From NOAO: “NEID Installation and Commissioning Update”

From National Optical Astronomy Observatory

Dan Li (NSF‘s OIR Lab)

Commissioning of the NN-EXPLORE Exoplanet Investigations with Doppler spectroscopy (NEID) instrument has begun at WIYN Observatory, as marked by the delivery of the NEID port adapter. The port adapter, which has been developed by NSF’s OIR Lab in close collaboration with the University of Wisconsin-Madison and the NEID team, provides crucial basic functions such as target acquisition, fast tip-tilt for guiding, and correction of atmospheric dispersion for the NEID spectrograph.

Port adapter after installation

The FedEx truck that carried the port adapter arrived at Kitt Peak on 17 October 2019,accompanied by the UW team. After assembly (a number of key optical and electronic components had been stored in separate cases during shipping) and a post-shipping health check, the adapter was installed on WIYN’s folded Cassegrain port on 21 October.

NOAO WIYN Telescope, Kitt Peak National Observatory, Kitt Peak of the Quinlan Mountains in the Arizona-Sonoran Desert on the Tohono O’odham Nation, 88 kilometers (55 mi) west-southwest of Tucson, Arizona, Altitude 2,096 m (6,877 ft)

After another week of intense work (e.g., cabling, optical alignment, electronic and mechanical functionality tests, software integration into the WIYN network and computer system), the port adapter acquired its first light on 29 October with closed-loop (50 Hz) guiding using the fast tip-tilt mirror and the port adapter’s internal camera.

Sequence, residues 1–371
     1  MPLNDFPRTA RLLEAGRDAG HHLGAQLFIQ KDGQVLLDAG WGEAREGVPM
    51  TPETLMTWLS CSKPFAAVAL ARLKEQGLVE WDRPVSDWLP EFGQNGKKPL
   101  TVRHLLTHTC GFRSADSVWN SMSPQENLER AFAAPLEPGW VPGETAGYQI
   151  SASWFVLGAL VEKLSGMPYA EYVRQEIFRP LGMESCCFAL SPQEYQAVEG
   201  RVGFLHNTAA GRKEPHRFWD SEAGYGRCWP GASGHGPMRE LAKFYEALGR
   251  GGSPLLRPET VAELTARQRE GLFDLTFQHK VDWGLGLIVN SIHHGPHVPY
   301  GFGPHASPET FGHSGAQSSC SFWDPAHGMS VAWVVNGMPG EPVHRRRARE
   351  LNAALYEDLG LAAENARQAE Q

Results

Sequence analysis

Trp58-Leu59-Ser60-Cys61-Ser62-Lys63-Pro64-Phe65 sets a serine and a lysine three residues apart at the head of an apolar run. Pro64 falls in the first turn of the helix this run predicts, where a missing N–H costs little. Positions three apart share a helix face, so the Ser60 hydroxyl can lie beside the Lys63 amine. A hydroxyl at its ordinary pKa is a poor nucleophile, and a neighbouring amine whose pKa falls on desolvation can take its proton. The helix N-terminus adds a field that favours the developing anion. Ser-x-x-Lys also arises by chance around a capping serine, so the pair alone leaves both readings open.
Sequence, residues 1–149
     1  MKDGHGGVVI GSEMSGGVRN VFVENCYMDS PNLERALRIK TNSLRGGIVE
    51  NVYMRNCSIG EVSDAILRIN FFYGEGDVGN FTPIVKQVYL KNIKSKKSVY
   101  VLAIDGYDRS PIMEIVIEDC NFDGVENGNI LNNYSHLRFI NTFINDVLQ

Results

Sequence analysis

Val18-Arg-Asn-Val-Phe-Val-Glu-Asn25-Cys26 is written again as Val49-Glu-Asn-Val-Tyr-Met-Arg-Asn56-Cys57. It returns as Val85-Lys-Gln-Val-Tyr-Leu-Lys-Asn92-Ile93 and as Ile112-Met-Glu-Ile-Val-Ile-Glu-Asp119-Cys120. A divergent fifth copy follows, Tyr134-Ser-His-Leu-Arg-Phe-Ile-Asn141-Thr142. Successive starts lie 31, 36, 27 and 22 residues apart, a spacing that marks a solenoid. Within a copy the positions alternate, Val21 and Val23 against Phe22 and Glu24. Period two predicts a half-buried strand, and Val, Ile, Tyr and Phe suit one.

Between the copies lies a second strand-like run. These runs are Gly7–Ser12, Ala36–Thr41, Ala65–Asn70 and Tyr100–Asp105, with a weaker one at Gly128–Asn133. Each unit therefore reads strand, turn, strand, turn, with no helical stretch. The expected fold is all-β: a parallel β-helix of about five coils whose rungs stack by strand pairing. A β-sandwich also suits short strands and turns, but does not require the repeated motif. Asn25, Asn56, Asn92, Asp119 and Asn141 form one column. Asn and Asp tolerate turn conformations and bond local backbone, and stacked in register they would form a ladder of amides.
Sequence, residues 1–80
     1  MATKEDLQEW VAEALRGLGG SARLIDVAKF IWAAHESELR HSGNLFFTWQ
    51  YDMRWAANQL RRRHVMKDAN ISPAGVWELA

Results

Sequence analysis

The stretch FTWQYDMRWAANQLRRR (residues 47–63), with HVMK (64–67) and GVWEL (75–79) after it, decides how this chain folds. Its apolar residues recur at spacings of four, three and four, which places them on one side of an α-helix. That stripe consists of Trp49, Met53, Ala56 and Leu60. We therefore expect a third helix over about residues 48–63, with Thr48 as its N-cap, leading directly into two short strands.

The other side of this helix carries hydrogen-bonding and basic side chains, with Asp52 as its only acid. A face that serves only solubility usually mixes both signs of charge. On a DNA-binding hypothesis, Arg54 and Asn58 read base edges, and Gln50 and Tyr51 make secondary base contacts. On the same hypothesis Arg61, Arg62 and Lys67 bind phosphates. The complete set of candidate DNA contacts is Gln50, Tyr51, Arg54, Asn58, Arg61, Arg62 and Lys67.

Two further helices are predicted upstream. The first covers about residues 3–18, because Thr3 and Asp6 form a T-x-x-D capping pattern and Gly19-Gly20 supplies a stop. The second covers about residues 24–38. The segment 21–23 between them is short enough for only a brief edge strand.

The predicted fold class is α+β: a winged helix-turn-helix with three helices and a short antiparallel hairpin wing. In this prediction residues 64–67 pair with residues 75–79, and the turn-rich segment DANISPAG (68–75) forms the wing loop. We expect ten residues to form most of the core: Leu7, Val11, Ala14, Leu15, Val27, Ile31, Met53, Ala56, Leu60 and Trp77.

Image from the port adapter camera

Over the following nights, we had successfully closed loops on targets down to 14th magnitude (V-band). The guiding dispersion is better than 70 milliarcseconds over 5-minute intervals for bright sources (V < 12 magnitude).

NEID spectrograph in the WIYN cleanroom

The NEID spectrograph, built at The Pennsylvania State University, arrived at Kitt Peak on 28 October. The 2-ton vacuum chamber and many of NEID’s supporting and calibration instruments were safely transferred into two connecting cleanrooms inside the WIYN building after being unloaded outside the dome. With help from the OIR Lab personnel, the PSU team spent the following two weeks installing equipment in the cleanrooms, routing cables, opening the vacuum chamber to inspect all the optics and fibers, and waking up the CCD detector, among other activities. The pumping and cooling of the cryostat is now underway. First light with the spectrograph is anticipated later this month, and shared risk science is expected to begin in December 2019.

See the full article here.


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NOAO is the US national research & development center for ground-based night-time astronomy. Our mission is to provide public access to qualified professional researchers to forefront scientific capabilities on telescopes operated by NOAO as well as other optical and infrared telescopes. Today, these telescopes range in aperture size from 2-m to 10-m.

In support of this mission, NOAO is participating in the development of telescopes with aperture sizes of 20-m and larger as well as a unique 8-m telescope that will make a 10-year movie of the Southern sky. NOAO is also engaged in programs to develop the next generation of instruments and software tools necessary to enable exploration and investigation through the observable Universe, from planets orbiting other stars to the most distant galaxies in the Universe.